Unstreamable is a weekly column that finds films and TV shows you can't watch on major streaming services in the United States.
USA, 1969, 149 min | 154 min (TCM print), Dir. Bob Fosse
Not enough is said about Ms. Edith Head.
We also don't talk enough about Sweet Charity, Bob Fosse's first feature film starring Shirley MacLaine, featuring Chita Rivera, Paula Kelly, and Sammy Davis Jr, and costume designed by Head. That's probably because Sweet Charity is too long—over two-and-a-half hours, feels like three. A great Achilles heel of Fosse is his inability to pace a straight scene like he paces a musical number.
But onto Ms. Head. The record-setting Acadamy Award-winning costume designer, born in 1897 and dead in 1981, designed costumes for nearly 400 films, many of them with astoundingly large casts. Best known for her work in Hitchcock's movies and movies like Breakfast at Tiffany's and White Christmas, Head gets to really let her immaculate sensibility loose on a Fosse musical. The costumes here are the late '60s at its absolute vivid best. She makes even the party hats look couture.
While the film can drag, the musical numbers are still so sweet and bold and genre-defining that I found myself tearing up during this rewatch. "Rhythm of Life," starring Sammy Davis Jr., is one of the best things made last century. Watch a clip of it below, then watch it on DVD so the colors pop like they're motherfucking supposed to pop. CHASE BURNS
USA | France, 1997, 82 minutes, Dir. Gregg Araki
Watching Nowhere feels like taking MDMA—the bright colors and strobing lights, the urgent press of bodies, the intense emotions. The quick camera cuts in each scene mimic those weird eye twitches of the molly come-up. The plot bounces around the huge cast of weirdo characters—it's hot and loose, and nothing matters.
In addition to some wild cameos—Ryan Phillippe shoves chocolate up Heather Graham's puss in one scene—the theme of alienation is made literal with the appearance of an actual alien. There's even a graphic Metamorphosis reference at the end, which feels nihilistically Teen. Araki serves angst, pure and true.
Marc Jacobs recently included the film's iconic soundtrack in his Y2K-heavy Heaven collection. The music could be why this movie is hard to find; Nowhere has yet to be released on region-1 DVD. Here's hoping the fashion line leads to an Araki renaissance. JASMYNE KEIMIG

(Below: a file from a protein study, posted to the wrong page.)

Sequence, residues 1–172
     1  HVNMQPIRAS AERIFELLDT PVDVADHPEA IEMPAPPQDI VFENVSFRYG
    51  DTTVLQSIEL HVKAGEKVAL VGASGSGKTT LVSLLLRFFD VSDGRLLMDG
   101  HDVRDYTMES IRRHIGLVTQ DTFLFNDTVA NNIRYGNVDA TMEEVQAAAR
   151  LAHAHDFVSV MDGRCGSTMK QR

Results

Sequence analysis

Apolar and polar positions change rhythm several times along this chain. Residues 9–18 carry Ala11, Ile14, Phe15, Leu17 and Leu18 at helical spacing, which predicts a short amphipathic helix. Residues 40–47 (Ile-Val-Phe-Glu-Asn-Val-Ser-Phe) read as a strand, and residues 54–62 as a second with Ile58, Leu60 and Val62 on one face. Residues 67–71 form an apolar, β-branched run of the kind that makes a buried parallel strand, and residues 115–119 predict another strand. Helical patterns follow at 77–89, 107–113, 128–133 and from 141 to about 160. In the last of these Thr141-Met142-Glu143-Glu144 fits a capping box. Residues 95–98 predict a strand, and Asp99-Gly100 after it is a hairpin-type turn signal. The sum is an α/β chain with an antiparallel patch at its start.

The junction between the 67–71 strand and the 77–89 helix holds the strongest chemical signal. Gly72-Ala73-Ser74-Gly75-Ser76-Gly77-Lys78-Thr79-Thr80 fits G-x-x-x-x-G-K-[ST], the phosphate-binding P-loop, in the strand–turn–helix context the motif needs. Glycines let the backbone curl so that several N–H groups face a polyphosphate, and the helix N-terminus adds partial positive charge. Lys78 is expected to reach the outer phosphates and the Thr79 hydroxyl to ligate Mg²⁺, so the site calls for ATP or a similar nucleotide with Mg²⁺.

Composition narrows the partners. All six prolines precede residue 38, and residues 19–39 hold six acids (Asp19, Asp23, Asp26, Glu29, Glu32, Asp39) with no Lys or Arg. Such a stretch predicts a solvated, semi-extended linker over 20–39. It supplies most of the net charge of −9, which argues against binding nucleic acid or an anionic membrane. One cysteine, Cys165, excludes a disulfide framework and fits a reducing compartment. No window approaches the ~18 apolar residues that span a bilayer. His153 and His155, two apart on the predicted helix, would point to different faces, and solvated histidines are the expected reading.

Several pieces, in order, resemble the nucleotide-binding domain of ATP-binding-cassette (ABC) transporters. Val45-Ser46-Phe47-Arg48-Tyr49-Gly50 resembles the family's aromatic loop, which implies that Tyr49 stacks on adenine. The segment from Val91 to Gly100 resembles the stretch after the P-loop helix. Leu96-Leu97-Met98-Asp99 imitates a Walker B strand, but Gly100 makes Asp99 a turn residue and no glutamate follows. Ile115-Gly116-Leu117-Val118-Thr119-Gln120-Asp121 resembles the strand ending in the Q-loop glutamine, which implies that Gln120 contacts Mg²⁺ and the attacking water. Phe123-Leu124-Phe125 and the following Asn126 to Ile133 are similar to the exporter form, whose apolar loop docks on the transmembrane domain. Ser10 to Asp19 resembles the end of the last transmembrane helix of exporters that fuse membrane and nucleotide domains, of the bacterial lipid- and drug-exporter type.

Japan, 2002, 118 min, Dir. Hajime Ishimine
I planned to do Mike Nichols' The Day of the Dolphin as my second pick today, but then I discovered at about ~1 pm that it's available for purchase on Kino Now. So, we're going with Frog River, a deeper cut that happens to be one of my favorites.
Frog River is an indie film released initially across a four-disc DVD magazine, of sorts, produced by Grasshoppa!, a team that included Taste of Tea director Katsuhito Ishii, the director closest to my taste and heart. A blessing on the Slog commenter who alerted me to the magazine. Scarecrow has each disc and the best feature from it, Frog River, on an individual DVD.
This story follows a hapless record shop clerk, played by the Bellevue-raised Ryo Kase, who accidentally pisses off some queers at a bar. It turns out the queers know kendo, and they challenge him to a duel. The rest of the movie mostly follows a bunch of queer dudes doing kendo, and it climaxes with a rather violent battle that starts with: "Those who laugh at queers shall pay for it with tears." I've never seen representation like this. Ishii writes the script, and it has his characteristic oddball bliss. I treasure it.
There's also a fun Crystal Waters dance sequence in it. CHASE BURNS
I’m tying to make my head live inside this scene (from Frog River, 2002) instead of doomscrolling. It’s going fine. pic.twitter.com/WaMmRCyHQ3
— Chase Burns (@chaseburnsy) October 29, 2020
UK, 1997, 105 minutes, Dir. Stephen Frears
Based on a biography by theater critic John Lahr, Prick Up Your Ears follows the short career of celebrated gay English playwright Joe Orton (Gary Oldman) and his relationship with bumbling, insecure partner Kenneth Halliwell (Alfred Molina). It's an interesting look at queer life during a time when being gay could send you to prison.
What fascinated me about the film was its portrayal of the deep and unnerving intimacy between the men. Though the couple seemed to struggle with sexual intimacy—Orton loved "cottaging" and had to coach Halliwell into having anonymous sex—they practically lived on top of each other in a cupboard of an apartment in Islington, London. It ultimately ended with Halliwell bludgeoning Orton to death in a murder-suicide in 1967.
The film expertly illustrates how the couple got to that point. Halliwell covered the walls with collage art, insulating them from the outside world and making the space seem smaller. They only had two twin-sized beds to sleep on, subsisting on £4 a week. Despite the men drowning in the toxic relationship, both Oldman and Molina portray an unnamed urge to cling to each other. They depended on each other to exist creatively, but Orton's runaway popularity threatened that precarious balance. JASMYNE KEIMIG
Unstreamable means we couldn't find it on Netflix, Hulu, Disney+, or any of the other 300+ streaming services available in the United States. We also couldn't find it available for rent or purchase through platforms like Prime Video or iTunes. We don't consider user-generated videos, like unauthorized YouTube uploads, to be streamable.